Egypt Independent

Tawla: A tale of strategy



Dazzled by the noise of the dice hitting the tables around her, an American friend of ours looked at the tables with her eyes wide open and asked in wonder about the game all these people were playing. “Tawla [backgammon] is the name of this game,” we pointed out, as she closely monitored the movements of the round black and white pieces while we tried to explain the game to her.

Fast-forward three months, and that same girl is sitting in a downtown cafe, holding a shisha pipe in her hand (cherry flavored–her favorite), and throwing the dice professionally. She wins every time someone challenges her to a duel and she uses the Persian terms in counting the results of the dice.

Tawla is one of the oldest and most famous strategy games in history, as well as a staple in Egyptian cafes, along with Turkish coffee and shisha. The game is a delicate balance between strategic thinking and pure luck, as both are essential to winning the game.

Backgammon is traditionally for two players. The pieces are moved according to the roll of dice, and players win by removing all of their pieces from the board. Most variants of Tawla share common traits, and Mahbousa (Locked-in) is the most famous variation of the family of table board games in the Arab world.

Like chess, backgammon includes numerous options for moving the checkers, allowing players to pick the right move while anticipating possible counter-moves by the opponent.

“It’s an addictive game,” says Ayman, who is sitting next to two players at an outdoor cafe in downtown Cairo. The weather is cold, yet the players and those around them are deeply focused on following the turns of dice. “I can’t stop watching and thinking with my friend who is playing. I feel like I’m playing with them.”

The game box is divided into four sections. Two belong to the players at the beginning of the game while the other two constitute the “battle field” where the game takes place. The goal is to move all your pieces into the other player’s field. Each section is divided into six lines, and when you get a certain number–say, for example, four–you are allowed to move one checker four lines forward.

Ayman, 29, does not believe that luck plays any role in the game at all. “It’s an extreme game of brain-activity and it allows you to see the huge number of options you have to move your pieces. You need to understand the technique of the game, as you need to be careful that your pieces do not become locked-in by the other player’s pieces.”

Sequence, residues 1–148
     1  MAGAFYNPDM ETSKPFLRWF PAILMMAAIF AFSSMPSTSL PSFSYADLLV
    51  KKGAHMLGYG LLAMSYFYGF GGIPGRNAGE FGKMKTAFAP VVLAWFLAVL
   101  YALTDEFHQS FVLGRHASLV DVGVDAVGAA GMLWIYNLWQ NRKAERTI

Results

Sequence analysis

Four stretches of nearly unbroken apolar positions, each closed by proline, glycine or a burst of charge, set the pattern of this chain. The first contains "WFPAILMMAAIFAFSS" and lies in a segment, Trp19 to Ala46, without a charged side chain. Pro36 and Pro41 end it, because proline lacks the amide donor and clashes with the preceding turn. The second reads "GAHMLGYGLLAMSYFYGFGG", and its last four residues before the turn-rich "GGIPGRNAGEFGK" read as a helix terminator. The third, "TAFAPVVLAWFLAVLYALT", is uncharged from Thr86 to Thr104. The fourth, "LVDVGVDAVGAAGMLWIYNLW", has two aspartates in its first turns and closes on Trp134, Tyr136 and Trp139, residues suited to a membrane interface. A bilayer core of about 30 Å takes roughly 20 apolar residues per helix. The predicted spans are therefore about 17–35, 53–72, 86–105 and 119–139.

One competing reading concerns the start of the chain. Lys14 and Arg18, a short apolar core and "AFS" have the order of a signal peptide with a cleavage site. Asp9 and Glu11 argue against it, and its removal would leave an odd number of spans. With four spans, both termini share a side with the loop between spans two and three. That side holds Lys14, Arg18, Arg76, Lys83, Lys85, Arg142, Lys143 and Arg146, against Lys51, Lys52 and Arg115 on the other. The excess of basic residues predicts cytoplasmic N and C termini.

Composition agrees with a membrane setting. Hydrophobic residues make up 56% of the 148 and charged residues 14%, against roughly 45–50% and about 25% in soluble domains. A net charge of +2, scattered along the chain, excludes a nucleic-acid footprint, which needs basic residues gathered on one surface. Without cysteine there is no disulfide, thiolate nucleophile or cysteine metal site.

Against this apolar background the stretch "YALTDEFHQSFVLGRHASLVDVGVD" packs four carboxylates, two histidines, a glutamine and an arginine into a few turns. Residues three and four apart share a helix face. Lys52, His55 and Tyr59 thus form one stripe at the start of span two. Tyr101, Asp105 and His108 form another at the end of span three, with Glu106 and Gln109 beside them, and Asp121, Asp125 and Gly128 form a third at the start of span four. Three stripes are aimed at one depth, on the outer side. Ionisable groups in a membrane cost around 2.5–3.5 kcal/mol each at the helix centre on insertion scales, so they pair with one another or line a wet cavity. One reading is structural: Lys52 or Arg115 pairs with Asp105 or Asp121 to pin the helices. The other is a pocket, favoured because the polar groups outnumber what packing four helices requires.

In Mahbousa, if you leave one of your pieces alone on a certain field, the opponent might get lucky and roll a dice number that allows them to put one of their pieces on top of yours, locking in that piece. Your piece becomes trapped until the other player moves his piece.

The history of backgammon goes back approximately 5000 years, and interesting enough, a version of backgammon was first played in ancient Egypt. The ancient Egyptian game Senet was excavated, along with illustrations, from Egyptian royal tombs. The oldest hieroglyph representing a Senet game dates to circa 3100 BC. The full name of the game in Egyptian means the "game of passing."

Ancient Iran, however, is popularly believed to be the land where backgammon was first played. Called Shahr-e Sokhteh (literally "The Burnt City") in Iran, uncovered artifacts include two dice and 60 checkers (similar to the current pieces of the game) and the set is believed to be 100 to 200 years older than sets found in Egypt.

“Of course it’s an Iranian game,” says Magdy, 34, while playing the game viciously against his brother-in-law. “When we play it, we use the Iranian way of counting the results of the dice.” Magdy, who does not take his eyes off the board while talking to Al-Masry Al-Youm, explains that when you roll a one on your dice, you say “Yak,” and two equals “Due,” three is “Sah,” four is “Jihar,” five is pronounced “Benj,” and six is “Shish.”

“As you can see, I got a two and a three on the two die I just threw: I would call it ‘Due-Sah,’ which is exactly what I need,” he points out, while his opponent cringes.

While the game seems simple enough for most to understand, if a player cheats to win, all bets are off. Numerous cheating methods have been used and developed in backgammon and the practice is not uncommon.

“Sometimes I move the checker the wrong number of spaces,” Zakria, a famous player in the Borsa cafe district in downtown Cairo says discreetly. “Some people just trust you when you move the checker fast enough. Moreover, I have some special throws to produce the dice number I desire. It works every time.”

“Cheating in this game is an art, but don't tell anyone I told you that,” he adds, looking around suspiciously.

Tawla is not limited to a certain age group. At a cafe in Dokki, two young players in their twenties compete for the third time after a long tournament between them. Their other two friends, however, are occupied by a PlayStation football game. “I like Tawla a lot,” Mohamed Salim, 22, says. “It’s a game where my mind is not following small characters on the screen, and it’s not about my ability to control a joystick perfectly. It’s about my concentration and my ability to pick the right choice for me.”